“This forum is really important in fostering the overall entrepreneurial climate here at Princeton,” said Cornelia Huellstrunk, the Keller Center’s associate director for external affairs. “It sheds light on technology-centered development and research that is not only groundbreaking but also has market potential..”
In the months leading up to the forum, competing teams provided a written draft and recorded video of their pitches, which allowed the judges to provide valuable feedback to the presenters. The presenters also partook in numerous coaching sessions to perfect their presentations.
John Keith, a research scholar in mechanical and aerospace engineering, said this feedback was invaluable. Keith was part of a team led by Emily Carter, the Gerhard R. Andlinger Professor in Energy and the Environment and Professor of Mechanical and Aerospace Engineering and Applied and Computational Mathematics. Peilin Liao, a graduate student in the chemistry department, pitched the concept, which involved quantum mechanics calculations to find how to make iron oxide (common in rusted steel) better at producing hydrogen and oxygen from water.
“We’re theorists,” said Keith. “Without the Keller Center this would have just been a couple scientists walking up to the podium and saying, ‘Look at these equations.’ That kind of presentation won't move ideas into the market.”
Likewise, Liao said she was grateful for her interactions with the industry leaders and investors who helped shape her presentation.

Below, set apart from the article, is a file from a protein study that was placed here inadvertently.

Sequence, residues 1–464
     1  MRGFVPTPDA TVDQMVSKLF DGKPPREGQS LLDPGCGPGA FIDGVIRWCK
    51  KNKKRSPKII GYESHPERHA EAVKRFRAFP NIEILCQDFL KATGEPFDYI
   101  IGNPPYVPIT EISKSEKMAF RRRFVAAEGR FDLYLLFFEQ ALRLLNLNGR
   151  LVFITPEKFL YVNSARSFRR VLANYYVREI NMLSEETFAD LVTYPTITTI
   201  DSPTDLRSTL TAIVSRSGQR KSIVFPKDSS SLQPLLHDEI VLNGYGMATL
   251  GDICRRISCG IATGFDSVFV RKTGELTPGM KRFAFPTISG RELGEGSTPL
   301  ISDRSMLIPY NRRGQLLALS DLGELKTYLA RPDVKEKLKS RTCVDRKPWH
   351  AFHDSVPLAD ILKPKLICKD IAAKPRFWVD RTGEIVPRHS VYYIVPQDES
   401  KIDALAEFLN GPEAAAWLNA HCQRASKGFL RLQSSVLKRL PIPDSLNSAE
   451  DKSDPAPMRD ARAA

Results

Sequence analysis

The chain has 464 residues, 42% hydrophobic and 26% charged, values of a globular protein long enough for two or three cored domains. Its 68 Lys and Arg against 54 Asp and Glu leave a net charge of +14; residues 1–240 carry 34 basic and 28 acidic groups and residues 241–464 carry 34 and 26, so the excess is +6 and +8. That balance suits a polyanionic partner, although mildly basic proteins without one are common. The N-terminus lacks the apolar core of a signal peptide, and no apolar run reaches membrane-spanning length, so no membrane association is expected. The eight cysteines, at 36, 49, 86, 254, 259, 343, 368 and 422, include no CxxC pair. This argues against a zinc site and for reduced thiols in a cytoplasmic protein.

“This is the first time I’ve participated in a forum like this and it was a great chance to learn what people in the business world are looking for in marketable ideas,” said Liao.
Kef Kasdin, one the event judges and a founding partner of Battelle Ventures, a New Jersey-based investing firm that focuses on early-stage technology companies, said the forum is particularly important in the way it forces academically-minded innovators to begin thinking about the entrepreneurial possibilities of their work.
“It’s a different set of questions and a whole different mindset than what professors and students typically spend their days thinking about,” said Kasdin, who earned her undergraduate degree in civil engineering at Princeton in 1985. “How do you get this to the market? How much money is it going to take? How long will it take? It’s important to consider those questions even in an academic environment because many innovations can come out of Princeton, but you have to think about how you will get those innovations to the market.”
This was certainly the case for Glisic, who joined Princeton’s faculty in 2009 after spending eight years working for a company that specializes in fiber optic sensors used to monitor infrastructures.
“It’s a really exceptional opportunity and a very difficult exercise,” said Glisic. “The fact that you have to present in three minutes and fit into those three minutes everything that is important about your innovation, it really gave me and my team a better sense of how to one day bring this to market.”
Glisic said his team will use the prize money to scale up its current millimeter prototype to a meter prototype. With the help of future grant funding, Glisic said he expects his sensing sheets could be ready for real-world field studies on large structures in as little as two years.
“Every presentation tonight was equally good,” said Glisic. “It’s amazing to see what’s possible and what will eventually become a part of our future.”
For more details on the 2012 presentations, see the Innovation Forum website.